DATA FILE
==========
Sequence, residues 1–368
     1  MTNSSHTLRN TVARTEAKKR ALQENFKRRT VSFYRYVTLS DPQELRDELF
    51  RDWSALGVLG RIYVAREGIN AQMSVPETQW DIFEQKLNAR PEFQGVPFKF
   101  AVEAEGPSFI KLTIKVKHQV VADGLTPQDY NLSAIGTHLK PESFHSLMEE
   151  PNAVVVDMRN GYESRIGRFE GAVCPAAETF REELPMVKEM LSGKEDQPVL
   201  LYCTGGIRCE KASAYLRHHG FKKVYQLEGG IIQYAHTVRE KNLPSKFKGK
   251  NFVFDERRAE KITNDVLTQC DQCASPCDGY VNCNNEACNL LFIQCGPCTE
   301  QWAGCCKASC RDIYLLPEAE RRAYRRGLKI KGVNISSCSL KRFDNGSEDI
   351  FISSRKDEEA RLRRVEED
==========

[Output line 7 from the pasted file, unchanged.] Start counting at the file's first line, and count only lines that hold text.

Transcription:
   251  NFVFDERRAE KITNDVLTQC DQCASPCDGY VNCNNEACNL LFIQCGPCTE